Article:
Oct 2, 2012ASAssignment
Owner name: MOTOROLA MOBILITY LLC, ILLINOIS
Effective date: 20120622
Free format text: CHANGE OF NAME;ASSIGNOR:MOTOROLA MOBILITY, INC.;REEL/FRAME:029216/0282
Mar 15, 2012ASAssignment
Effective date: 20120302
Owner name: MOTOROLA MOBILITY, INC., ILLINOIS
Free format text: ASSIGNMENT OF ASSIGNORS INTEREST;ASSIGNOR:MOTOROLA, INC.;REEL/FRAME:027935/0808
Sep 27, 2010ASAssignment
Owner name: MOTOROLA INC., DISTRICT OF COLUMBIA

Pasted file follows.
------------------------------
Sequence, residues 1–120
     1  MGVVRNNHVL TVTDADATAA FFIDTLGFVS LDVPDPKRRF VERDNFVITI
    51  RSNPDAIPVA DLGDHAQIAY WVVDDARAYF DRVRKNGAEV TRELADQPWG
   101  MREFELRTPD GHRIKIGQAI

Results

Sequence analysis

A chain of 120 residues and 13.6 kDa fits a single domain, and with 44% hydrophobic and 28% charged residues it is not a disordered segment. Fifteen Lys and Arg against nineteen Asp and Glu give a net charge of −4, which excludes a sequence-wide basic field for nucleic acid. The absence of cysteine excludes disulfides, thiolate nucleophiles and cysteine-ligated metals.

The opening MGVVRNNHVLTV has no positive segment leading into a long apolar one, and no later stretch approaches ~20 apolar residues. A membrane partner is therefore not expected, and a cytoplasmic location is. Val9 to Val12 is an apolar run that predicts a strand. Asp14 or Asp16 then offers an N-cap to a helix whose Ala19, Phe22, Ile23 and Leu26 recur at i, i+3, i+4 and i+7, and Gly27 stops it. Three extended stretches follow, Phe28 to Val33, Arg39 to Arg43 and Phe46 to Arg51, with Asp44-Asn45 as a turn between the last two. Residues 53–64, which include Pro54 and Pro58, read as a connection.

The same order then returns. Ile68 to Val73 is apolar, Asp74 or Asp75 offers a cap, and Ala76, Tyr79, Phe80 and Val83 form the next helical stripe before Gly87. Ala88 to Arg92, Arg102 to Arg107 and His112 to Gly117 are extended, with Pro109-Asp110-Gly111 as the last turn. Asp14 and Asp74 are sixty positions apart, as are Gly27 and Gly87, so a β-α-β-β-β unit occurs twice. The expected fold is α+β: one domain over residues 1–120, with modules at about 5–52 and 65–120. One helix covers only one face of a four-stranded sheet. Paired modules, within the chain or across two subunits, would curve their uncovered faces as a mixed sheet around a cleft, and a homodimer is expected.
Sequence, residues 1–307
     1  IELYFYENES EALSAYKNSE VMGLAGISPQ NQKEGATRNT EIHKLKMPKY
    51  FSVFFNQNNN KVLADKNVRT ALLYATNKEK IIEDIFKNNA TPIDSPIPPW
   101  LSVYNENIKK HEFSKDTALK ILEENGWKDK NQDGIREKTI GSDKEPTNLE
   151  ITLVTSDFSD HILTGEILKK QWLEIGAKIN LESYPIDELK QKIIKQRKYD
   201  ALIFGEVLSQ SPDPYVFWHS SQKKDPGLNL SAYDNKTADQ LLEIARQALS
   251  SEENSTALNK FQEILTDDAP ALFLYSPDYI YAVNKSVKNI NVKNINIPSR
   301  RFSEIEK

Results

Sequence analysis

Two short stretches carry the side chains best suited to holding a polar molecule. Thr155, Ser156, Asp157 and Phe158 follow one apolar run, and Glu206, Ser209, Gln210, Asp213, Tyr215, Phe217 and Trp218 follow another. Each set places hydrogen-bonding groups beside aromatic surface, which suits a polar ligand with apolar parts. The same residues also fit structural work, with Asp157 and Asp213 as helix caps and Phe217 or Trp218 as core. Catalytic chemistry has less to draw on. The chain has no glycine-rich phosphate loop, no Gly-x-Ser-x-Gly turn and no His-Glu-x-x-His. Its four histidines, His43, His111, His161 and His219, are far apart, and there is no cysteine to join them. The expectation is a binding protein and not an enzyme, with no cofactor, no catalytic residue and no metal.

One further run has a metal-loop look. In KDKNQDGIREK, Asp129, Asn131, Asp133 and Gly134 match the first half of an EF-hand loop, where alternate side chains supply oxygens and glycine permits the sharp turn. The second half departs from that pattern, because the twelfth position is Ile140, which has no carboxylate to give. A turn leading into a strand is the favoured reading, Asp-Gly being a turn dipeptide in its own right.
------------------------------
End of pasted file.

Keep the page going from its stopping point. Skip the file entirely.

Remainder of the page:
Effective date: 20100730
Free format text: ASSIGNMENT OF ASSIGNORS INTEREST;ASSIGNOR:MESH NETWORKS, INC.;REEL/FRAME:025039/0630
Jul 2, 2010FPAYFee payment
Year of fee payment: 4
Dec 20, 2001ASAssignment
Owner name: MESHNETWORKS, INC., FLORIDA
Free format text: ASSIGNMENT OF ASSIGNORS INTEREST;ASSIGNORS:NEUMILLER, PHILLIP D.;SRUTT, GUENAEL T.;DAVIS, DENNIS W.;REEL/FRAME:012400/0827
Effective date: 20011220